Human Rights Watch has voiced alarm at the implications for West Papua from a new law in Indonesia giving the government wide powers to shut down NGOs.
The Law on Mass Organisations imposes a broad range of obligations and prohibitions on NGO activities, and severe limitations on freedom of expression and association.
Johnny Blades asked the deputy director of the Asia division of HRW, Phil Robertson, how the new law will impact in West Papua:
PHIL ROBERTSON: This is just going to hit the NGOs in Papua quite strongly because the way that these regulations have been brought out through this law, they are so broad and they are so big that the government of Indonesia can essentially go after anyone they want and make up the reason afterwards. It's a very dangerous law, it's one that isn't necessary, and, frankly, it's one that harks back to a past era of restrictions under President Suharto.
JOHNNY BLADES: The non-government groups, the few that are still in West Papua doing some, I guess, human rights work, you think about some of the churches, they look like they will probably be affected by this demand to adhere to respect for monotheism.
PR: Yes, that's true. It's laid out that the law requires for NGOs to adhere to a respect for monotheism regardless of their religious or secular orientation.
JB: They could end up in prison, some of these guys, it looks like.
PR: Yes, yes. This is basically constructing a very crude instrument that is going to allow the government of Indonesia to go after whoever it wants in civil society for whatever reason they want. I mean, it's basically a blank cheque for government repression of NGO activity in Indonesia.
JB: What do you think is driving this? There had been some real reform, hadn't there, across the rest of Indonesia, apart from West Papua. It seems like a bit of a retrograde step.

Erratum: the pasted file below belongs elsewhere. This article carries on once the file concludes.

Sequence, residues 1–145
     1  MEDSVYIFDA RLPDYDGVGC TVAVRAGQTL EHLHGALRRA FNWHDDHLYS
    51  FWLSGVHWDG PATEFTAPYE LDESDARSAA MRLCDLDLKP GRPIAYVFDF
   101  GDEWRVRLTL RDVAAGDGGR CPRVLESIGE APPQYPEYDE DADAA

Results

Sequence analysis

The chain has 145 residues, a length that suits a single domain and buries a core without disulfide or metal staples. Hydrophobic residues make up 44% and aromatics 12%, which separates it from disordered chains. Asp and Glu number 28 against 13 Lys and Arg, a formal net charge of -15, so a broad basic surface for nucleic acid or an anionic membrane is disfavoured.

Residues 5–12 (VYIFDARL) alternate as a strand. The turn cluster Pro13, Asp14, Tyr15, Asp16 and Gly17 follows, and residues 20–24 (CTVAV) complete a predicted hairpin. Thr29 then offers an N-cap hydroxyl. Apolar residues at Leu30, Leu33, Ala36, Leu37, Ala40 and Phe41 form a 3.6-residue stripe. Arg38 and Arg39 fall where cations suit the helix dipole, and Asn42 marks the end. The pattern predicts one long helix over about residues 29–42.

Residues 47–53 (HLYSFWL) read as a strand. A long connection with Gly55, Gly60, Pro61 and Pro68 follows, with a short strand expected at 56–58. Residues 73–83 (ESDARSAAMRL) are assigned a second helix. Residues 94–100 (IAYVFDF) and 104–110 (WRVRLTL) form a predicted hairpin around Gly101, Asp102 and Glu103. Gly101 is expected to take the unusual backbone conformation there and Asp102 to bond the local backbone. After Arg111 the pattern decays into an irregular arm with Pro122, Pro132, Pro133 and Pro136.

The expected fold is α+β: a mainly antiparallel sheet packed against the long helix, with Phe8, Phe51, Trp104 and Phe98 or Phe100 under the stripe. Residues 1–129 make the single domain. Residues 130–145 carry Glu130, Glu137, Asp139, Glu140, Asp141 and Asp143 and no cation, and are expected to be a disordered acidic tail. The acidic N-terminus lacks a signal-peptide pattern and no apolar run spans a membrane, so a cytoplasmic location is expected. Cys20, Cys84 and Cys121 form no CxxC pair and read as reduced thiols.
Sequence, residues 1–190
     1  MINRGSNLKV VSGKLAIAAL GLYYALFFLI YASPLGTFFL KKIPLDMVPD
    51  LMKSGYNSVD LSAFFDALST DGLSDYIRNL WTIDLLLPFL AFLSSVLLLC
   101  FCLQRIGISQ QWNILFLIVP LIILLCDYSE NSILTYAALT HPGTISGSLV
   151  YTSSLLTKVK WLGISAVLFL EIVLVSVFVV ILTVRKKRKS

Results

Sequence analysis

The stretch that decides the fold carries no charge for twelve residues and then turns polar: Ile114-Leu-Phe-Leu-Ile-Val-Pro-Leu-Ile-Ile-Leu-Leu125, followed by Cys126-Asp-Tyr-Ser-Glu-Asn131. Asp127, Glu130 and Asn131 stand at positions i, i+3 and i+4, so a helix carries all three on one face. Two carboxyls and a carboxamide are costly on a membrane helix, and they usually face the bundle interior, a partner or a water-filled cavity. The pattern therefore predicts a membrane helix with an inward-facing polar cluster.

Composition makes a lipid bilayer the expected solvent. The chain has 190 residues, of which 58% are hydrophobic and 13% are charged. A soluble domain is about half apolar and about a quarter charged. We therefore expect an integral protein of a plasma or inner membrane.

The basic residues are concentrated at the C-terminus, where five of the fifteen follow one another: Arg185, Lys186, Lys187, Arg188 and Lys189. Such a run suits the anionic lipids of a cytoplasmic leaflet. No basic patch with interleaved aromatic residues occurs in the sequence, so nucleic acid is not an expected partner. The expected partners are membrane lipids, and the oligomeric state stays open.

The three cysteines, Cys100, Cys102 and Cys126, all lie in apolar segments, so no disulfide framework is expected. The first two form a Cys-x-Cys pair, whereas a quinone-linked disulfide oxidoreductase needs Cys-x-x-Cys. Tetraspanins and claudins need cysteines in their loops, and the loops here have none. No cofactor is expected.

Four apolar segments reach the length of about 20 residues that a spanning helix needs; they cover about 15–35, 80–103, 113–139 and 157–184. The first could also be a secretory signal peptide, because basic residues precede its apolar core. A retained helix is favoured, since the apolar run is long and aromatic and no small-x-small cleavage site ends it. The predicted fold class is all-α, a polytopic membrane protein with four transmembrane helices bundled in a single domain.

PR: Well, I think the Indonesian government has gotten credit where credit was perhaps not due, as being such a broad reformist government. It still contains very conservative army civil servant groups and also, of course, corrupt self-interested politicians. And these groups don't like having NGOs snooping around. They don't like having them going in and working with villagers or other persons who are being displaced from land or having their rights violated. And NGOs are seen as a pesky problem that get in the way with lead interests. So I think what we're seeing is a bit of a counterstrike by these forces of conservatism and by those who benefit from a lack of transparent governance to try to muzzle their critics.
JB: Do you think the anti-Pancasila provisions kind of spell the end game for freedom of belief in West Papua, already, obviously, under strain?
PR: Well, it's going to open people up to charges of going against Pancasila for a number of reasons. Of course, if it's not a recognised religion, that would be against Pancasila. There really is a very, very broad law that is going to cause problems across the board for groups in Papua.